Summary: God’s path will never lead me where the grace of God will not preserve me
Living as a Christian in the United States in the year 2016 is certainly not an easy thing to do. Once you identify yourself as a disciple of Jesus and you commit to live your life according to His purposes, plans, and ways, you are going to immediately face both physical and spiritual enemies in your life. There will be those who will call you hateful and bigoted. Some of your family members and former friends may either shun you or even openly attack you for your faith. You might even be sued or lose your job or suffer financial harm as a result of holding firm to your Biblical values.
And when we find ourselves in the midst of those enemies, it’s often difficult to know how to respond. Do I ignore them? Do I run from them? Do I hide from them? Do I retaliate?
Fortunately for us we’re studying a Psalm written by a man who knew firsthand what it was like to live among those who were both his personal enemies as well as enemies of his God. And this morning, we come to verse 5, where we find the Biblical answer for how to deal with our enemies:
You prepare a table before me
in the presence of my enemies;
you anoint my head with oil;
my cup overflows.
(Psalm 23:5 ESV)
There is a noticeable change in the Psalm that takes place in this verse. At least at first glance, it appears that David has changed metaphors here. After all, the sheep don’t sit down around a table and eat a meal that the shepherd has prepared for them. And certainly the sheep don’t drink from a cup.
However, Phillip Keller, in his book, A Shepherd Looks at Psalm 23, suggests that David is actually continuing the shepherd and sheep metaphor here. He explains that the high mountain meadows where the shepherd take their sheep in the summer are often referred to as tablelands. Here in the southwest United states and in southern Europe, those high plateaus are known as “mesas” – the Spanish word for “table”. And a number of other commentators and pastors seem to have followed his lead when dealing with this verse.
On the other hand, there are a number of commentators who see an abrupt change in metaphors here in verse 5 where they see God being pictured as a gracious host. But I don’t think that we have an either/or choice here. The author of the Psalm, David, had been a shepherd, but he was also a king, who was expected to be a gracious host. So as David writes these words it is not unreasonable for him to think of God as both a shepherd and a king/host. For us, I think that means that both metaphors have something to offer when it comes to our understanding of this verse.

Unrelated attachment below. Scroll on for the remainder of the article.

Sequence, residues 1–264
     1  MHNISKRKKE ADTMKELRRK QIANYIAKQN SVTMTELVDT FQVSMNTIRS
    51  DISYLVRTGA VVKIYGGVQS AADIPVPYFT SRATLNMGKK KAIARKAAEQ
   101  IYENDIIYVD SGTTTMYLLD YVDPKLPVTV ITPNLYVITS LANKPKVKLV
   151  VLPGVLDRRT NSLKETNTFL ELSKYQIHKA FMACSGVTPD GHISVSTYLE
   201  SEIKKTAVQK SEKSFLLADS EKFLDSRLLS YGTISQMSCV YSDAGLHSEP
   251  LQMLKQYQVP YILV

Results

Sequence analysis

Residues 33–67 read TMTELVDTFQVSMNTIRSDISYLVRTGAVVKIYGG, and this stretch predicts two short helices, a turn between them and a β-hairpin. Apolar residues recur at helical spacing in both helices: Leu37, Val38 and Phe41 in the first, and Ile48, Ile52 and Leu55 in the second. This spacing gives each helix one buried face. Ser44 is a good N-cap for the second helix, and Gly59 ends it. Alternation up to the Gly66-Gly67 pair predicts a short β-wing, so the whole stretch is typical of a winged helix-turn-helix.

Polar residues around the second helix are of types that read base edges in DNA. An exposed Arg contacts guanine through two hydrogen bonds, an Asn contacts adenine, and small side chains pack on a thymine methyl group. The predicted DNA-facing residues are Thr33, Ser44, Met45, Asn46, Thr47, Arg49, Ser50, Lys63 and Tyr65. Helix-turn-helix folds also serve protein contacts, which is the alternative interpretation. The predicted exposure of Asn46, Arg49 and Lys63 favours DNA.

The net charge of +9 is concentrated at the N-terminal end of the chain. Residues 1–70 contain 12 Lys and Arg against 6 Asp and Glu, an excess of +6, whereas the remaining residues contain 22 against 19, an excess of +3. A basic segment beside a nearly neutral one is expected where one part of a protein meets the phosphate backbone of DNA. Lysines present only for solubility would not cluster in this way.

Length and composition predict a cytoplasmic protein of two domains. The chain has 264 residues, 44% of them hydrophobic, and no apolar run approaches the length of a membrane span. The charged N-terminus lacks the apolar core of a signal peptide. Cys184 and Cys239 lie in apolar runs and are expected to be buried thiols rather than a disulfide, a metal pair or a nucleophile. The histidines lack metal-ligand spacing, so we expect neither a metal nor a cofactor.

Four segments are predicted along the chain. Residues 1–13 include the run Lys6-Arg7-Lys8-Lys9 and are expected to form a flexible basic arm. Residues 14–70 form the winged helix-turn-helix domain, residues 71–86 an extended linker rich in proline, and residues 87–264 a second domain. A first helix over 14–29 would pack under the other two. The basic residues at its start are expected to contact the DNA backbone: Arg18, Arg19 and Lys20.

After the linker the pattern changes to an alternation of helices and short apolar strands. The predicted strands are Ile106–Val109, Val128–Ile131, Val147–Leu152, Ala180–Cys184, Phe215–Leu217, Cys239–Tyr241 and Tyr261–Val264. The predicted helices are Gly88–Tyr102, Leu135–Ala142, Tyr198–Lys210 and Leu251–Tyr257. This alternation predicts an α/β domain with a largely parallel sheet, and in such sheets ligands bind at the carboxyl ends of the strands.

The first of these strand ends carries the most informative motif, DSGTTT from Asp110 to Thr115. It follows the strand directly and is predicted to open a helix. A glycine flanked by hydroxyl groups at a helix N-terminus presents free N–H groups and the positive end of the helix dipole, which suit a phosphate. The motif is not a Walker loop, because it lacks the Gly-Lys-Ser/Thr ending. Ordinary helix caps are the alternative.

With that being said, I think that the Scriptures give us a pretty good indication of David’s thinking here. David knew what it meant to sit at a table in the presence of his enemies. He often sat at the same table with King Saul, even though Saul eventually turned on David and hunted him down to try and kill him. There is a good chance that situation led David to write these words in another of his Psalms:
Even my close friend in whom I trusted,
who ate my bread, has lifted his heel against me.
(Psalm 41:9 ESV)
Many of you may recognize that Jesus quoted those words as he observed the Passover with His disciples on the night before His crucifixion to identify Judas as the friend who was about to become His enemy.
Later in life, David’s own son Absalom turned against him and attempted to take the kingdom by force and kill David. In 2 Samuel 17 we find an account that is particularly relevant to David’s words here in Psalm 23. While fleeing from Absalom, David came to the city of Mahanaim. There, a bunch of guys with unpronounceable Hebrew names prepared a meal for David and his men:
When David came to Mahanaim, Shobi the son of Nahash from Rabbah of the Ammonites, and Machir the son of Ammiel from Lo-debar, and Barzillai the Gileadite from Rogelim, brought beds, basins, and earthen vessels, wheat, barley, flour, parched grain, beans and lentils, honey and curds and sheep and cheese from the herd, for David and the people with him to eat, for they said, “The people are hungry and weary and thirsty in the wilderness.”
(2 Samuel 17:27-29 ESV)
I want you to note the name “Barzillai”, because we’re going to come back to him again. But the important thing to note here is that through those men, God had prepared a table for David and in his men while they were literally in the midst of their enemies. Apparently David never forgot their kindness, because on his deathbed, he gave these instructions to Solomon: